Wall Street to Hollywood: Spend Less on Streaming Shows, Winter is Coming | Analysis

·6-min read

As ominous earnings roll in for the last financial quarter, the players who run some of Hollywood’s big streaming services are flashing warning signs that content spending might be reined in fairly soon. Amid decades-high inflation and a looming recession that have severely curtailed what advertisers are willing to spend, big media companies on Thursday reported little-to-no gains in paid subscribers to platforms from Roku and NBCUniversal’s Peacock.

Which means those big-budget scripts sitting in the bottom drawer might need to be sold fast, before the funding goes away.

This is a vicious cycle: Studios are looking to save money without sacrificing quality or surefire hits. Which means services like Apple TV+, HBO Max, Netflix, Disney+, Hulu and Paramount+ may need to make some tough choices in a year where content spending for those platforms could top $50 billion or more, according to analysts.

It is too early to tell exactly how much studios will cut back from their streaming fare — and such decisions hinge on how much money advertisers trim trying to lure belt-tightening consumers.

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Here were the highlights of Thursday’s earnings:

  • Comcast: The cable giant reported second-quarter revenue of $30 billion and an adjusted earnings per share of $1.01, a rise of 20.2% year over year as a result of a record quarter for the conglomerate in cable and a big numbers from its theme parks. However, Peacock didn’t grow a single subscriber.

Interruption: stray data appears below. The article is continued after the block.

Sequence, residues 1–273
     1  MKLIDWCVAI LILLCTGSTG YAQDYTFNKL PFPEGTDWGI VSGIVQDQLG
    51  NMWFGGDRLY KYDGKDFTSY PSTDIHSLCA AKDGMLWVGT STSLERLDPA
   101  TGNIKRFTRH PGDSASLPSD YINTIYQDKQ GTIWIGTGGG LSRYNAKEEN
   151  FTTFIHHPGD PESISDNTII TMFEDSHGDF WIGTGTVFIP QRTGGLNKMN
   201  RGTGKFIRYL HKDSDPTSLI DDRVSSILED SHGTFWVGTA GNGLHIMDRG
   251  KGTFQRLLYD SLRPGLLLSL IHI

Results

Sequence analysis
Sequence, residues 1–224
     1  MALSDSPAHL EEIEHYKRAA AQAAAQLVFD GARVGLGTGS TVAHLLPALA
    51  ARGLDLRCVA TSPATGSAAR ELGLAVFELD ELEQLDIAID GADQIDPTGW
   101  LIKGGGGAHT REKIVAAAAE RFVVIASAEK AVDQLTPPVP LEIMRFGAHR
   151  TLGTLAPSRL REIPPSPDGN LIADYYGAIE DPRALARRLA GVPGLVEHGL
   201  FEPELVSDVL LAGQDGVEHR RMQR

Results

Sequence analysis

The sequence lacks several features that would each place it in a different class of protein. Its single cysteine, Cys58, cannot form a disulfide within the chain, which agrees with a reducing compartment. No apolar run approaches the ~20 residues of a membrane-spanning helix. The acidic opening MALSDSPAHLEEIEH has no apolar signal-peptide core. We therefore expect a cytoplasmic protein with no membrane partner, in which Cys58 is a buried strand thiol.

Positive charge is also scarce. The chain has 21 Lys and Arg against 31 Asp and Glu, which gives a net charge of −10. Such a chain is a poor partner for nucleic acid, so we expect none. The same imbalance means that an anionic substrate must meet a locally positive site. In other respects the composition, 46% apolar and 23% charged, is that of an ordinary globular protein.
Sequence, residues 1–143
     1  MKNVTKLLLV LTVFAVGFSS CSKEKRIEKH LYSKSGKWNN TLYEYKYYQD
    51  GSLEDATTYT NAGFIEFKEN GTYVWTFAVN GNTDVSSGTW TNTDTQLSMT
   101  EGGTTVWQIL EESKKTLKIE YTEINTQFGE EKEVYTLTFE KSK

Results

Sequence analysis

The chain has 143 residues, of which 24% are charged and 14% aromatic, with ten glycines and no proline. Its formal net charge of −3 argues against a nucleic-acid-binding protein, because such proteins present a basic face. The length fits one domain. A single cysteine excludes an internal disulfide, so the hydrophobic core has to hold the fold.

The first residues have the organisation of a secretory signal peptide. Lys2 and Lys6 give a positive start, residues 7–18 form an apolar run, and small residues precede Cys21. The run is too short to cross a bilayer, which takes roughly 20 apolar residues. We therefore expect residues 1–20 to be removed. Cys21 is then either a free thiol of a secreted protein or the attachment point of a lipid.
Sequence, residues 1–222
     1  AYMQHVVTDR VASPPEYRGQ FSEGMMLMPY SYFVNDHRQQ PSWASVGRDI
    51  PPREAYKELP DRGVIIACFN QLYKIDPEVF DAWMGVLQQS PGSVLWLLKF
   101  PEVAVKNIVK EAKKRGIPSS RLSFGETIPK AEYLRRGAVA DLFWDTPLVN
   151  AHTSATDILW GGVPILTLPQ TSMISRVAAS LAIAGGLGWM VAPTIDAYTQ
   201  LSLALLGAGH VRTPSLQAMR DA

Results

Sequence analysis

• Roku: The streamer posted overall revenue of $764 million, up 18% year over year, which couldn’t quite meet expectations due to a depressed ad sales market. It added another 1.8 million active accounts, bringing the company to a total of 63.1 million.

  • Imax: Blockbusters like “Top Gun: Maverick” fueled $74 million in revenue at the specialty-theater brand. Though, it still reported a $2.9 million loss due to COVID-19 closures in China. CEO Richard Gelfond said its his tickets sell at a premium, which is why market share is going up.

  • Apple: The subscription services business, which includes Apple TV+ and Apple Music, secured $19.6 billion in revenue for the the fiscal third quarter — down slightly from the year-ago period. The company, like Amazon, did not break out user data. Apple has more than 860 million paid subscribers, up 4% from the year-ago period.

  • Amazon: The consumer powerhouse beat Wall Street expectations with $121.2 billion of revenue, up 7 percent from a year earlier and well above projections. It still posted a $2 billion loss. Hard to tell how Prime Video did, but CFO Brian Olsavsky said the entire company’s ad business grew while competitors saw retreats.

But it was Roku and Peacock that Hollywood scribes, actors, producers, directors and below-the-line workers needed to pay attention to.

“We are going to make sure that the Roku Channel content spend… reflects the economic realities of the short term disruptions around macro-economic factors,” said Roku Chief Financial Officer Steve Louden. “It’s important.”

Wall Street was quick to react.